• In a first for the city, an on-street mural will come to 4th in Barelas
  • Elementary school cooking classes on Zoom? 'They can still learn from that chaos.'
  • Robotics firm expanding to new Downtown digs
In a first for the city, an on-street mural will come to 4th in Barelas
The "youth team" behind the mural includes Delilah Montoya, Joseph Furlow, Angelina Lucero, Mercedes Perez-Chavez, Lina Sanchez, Delilah Tapia, Jaylene Torres, Danna Velasquez, and Dante Wisch. Pictured at the Barelas Community Center. (Photo courtesy of Artful Life.)
Murals are practically synonymous with walls - right down to the Latin origin of the word. But in the coming weeks, a group of Barelas teens will take the concept to the streets. Literally.

In partnership with Artful Life, a non-profit, the group will paint the entire intersection of 4th and Hazeldine for a project that is part community-building exercise, part artistic endeavor, and part effort to get drivers to notice the work and slow down a bit.

The actual design of the mural is still in the draft stage and is being kept under wraps for the time being, said Valerie Martinez, the director of Artful Life.

Installation is slated for later this month or next month.

"The weather will be better and it gives us a bit more time to schedule an opening and celebration that follows all state health guidelines," Martinez said. "It may be something like a 'rolling' opening celebration."

The teen artists have consulted with neighbors and city departments on the design, and also got coaching from Reyes Padilla, the man behind the mural at 12th and Bellamah that is inspired by an Al Hurricane song (DAN, 5/21/20).

The on-street project appears to be a first for Albuquerque, though a controversial rainbow-themed crosswalk in Nob Hill installed in 2019 at least approaches the idea. The Barelas mural seems to be taking more inspiration from efforts in Kansas City, Norfolk, and Saginaw, Michigan, which involved painting large swaths of pavement (photos).

The shelflife of such murals is, of course, considerably shorter than those painted on walls - a logical side effect of being driven over by what the Mid-Region Council of Governments in 2019 estimated was 10,000 cars per weekday. But that is seen both as the cost of doing business and an opportunity to keep the general momentum going.

"We're planning for three years minimum and hoping for more," Martinez said. "There won't be any de-installation, just a gradual vanishing followed by (we hope) a repainting."
Elementary school cooking classes on Zoom? 'They can still learn from that chaos.'
On Monday, a series of elementary school parents stopped by La Esquinita, the all-purpose community hub at 4th and Coal, to pick up special meal prep kits with carefully portioned ingredients.

But this is not some new farmers' market-type to-go service. It's the basis of a virtual cooking class. Tonight, those parents will gather their kids, open the kit, and turn on Zoom.

Welcome to the COVID-era version of something Kids Cook, a food education group, has been doing in local classrooms for 20 years. The students of Dolores Gonzales will be logging on tonight, with kids from Eugene Field, Longfellow, and Lew Wallace taking a turn next week. The menu, following a unit on the Pacific Northwest, will feature salmon cakes and green beans.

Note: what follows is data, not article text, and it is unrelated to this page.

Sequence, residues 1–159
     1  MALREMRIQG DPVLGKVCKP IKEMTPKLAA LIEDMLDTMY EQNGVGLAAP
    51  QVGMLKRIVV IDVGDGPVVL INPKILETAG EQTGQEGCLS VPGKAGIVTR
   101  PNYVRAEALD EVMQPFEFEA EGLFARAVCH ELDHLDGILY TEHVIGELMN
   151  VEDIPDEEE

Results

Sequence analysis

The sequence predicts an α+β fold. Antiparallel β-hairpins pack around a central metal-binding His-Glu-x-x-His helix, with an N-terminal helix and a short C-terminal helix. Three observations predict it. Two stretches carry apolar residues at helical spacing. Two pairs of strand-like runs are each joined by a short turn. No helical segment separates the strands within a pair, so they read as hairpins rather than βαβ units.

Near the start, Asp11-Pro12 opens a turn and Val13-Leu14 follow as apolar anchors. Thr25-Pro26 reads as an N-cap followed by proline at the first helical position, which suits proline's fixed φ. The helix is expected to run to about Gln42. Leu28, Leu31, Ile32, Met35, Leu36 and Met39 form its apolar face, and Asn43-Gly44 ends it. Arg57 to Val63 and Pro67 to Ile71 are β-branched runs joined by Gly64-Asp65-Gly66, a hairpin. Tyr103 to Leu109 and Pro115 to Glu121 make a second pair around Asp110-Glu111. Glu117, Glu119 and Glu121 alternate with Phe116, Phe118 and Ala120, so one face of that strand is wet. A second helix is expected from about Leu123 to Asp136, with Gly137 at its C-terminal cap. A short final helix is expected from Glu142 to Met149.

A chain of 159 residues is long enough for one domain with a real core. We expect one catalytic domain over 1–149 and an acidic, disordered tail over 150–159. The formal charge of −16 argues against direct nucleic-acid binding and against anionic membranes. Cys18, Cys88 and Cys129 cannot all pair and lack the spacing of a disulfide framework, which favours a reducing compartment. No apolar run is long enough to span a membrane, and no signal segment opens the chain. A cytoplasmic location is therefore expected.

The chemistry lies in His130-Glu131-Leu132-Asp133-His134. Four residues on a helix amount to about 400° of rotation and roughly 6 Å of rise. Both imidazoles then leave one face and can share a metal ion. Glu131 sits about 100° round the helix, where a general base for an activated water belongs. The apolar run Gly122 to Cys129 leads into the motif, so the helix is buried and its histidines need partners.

The logistics of teaching elementary schoolers cooking online are tricky, to say the least. No two sets of kitchen tools are alike, so there is more improvisation. Parents also need to be involved, particularly when the knife use comes up, and all those extra adults (plus curious siblings) can sometimes add up to a total attendance of 60 people, said Sara Robbins, the Kids Cook executive director.

A recipe for chaos? Sure, but the educational kind nonetheless.

"They can still learn from that chaos," Robbins said, while allowing that "we do ask them to mute because it does get loud."

In the end, the food gets cooked, and it's a chance for instructors to talk about other cultures, promote literacy through the precise directions of recipes, and teach a little practical math with the measurements.

Like the craft itself, Swiss-watch-like precision is not strictly necessary here.

"Cooking is messy," Robbins said, "and that's okay because you can clean it up."
Robotics firm expanding to new Downtown digs
The Breezy One, a roving disinfection machine made by Build with Robots, has recently been deployed at St. Mary's Catholic School (6th and Tijeras) as part of COVID prevention efforts. It is also used at the Sunport. (Photo by Build with Robots)
A local robotics company is moving into bigger offices just east of the convention center to accommodate anticipated growth.

Build with Robots has been using just over 400 square feet in the FUSE Makerspace, an education non-profit that provides members with access to classes and a wide array of tools for small manufacturing projects. The company plans to make a temporary move to the Springer Building, less than 1,000 feet to the north, and later to 429 Commercial, which is part of the same complex that includes Villa Myriam Coffee Roasters (map diagram here).

The move will be boosted by up to $360,000 in local economic development funding for its new lease payment obligations.
Downtown Albuquerque News covers greater Downtown, which we generally define as the area created by I-40, the Rio Grande, and the railroad tracks. We publish weekdays except for federal holidays. If someone forwarded DAN to you, please consider subscribing. To subscribe, contact us, submit a letter to the editor, or learn more about what we do, click here. If you ever run into technical trouble receiving DAN, click here.
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